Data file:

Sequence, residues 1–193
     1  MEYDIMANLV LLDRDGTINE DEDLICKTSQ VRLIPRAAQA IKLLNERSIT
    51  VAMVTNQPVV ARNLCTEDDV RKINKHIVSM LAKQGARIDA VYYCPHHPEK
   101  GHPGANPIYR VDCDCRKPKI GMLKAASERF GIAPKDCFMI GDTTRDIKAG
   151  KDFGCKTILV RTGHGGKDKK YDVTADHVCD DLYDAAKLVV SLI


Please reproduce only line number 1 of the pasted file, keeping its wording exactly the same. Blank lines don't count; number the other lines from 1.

Sequence, residues 1–193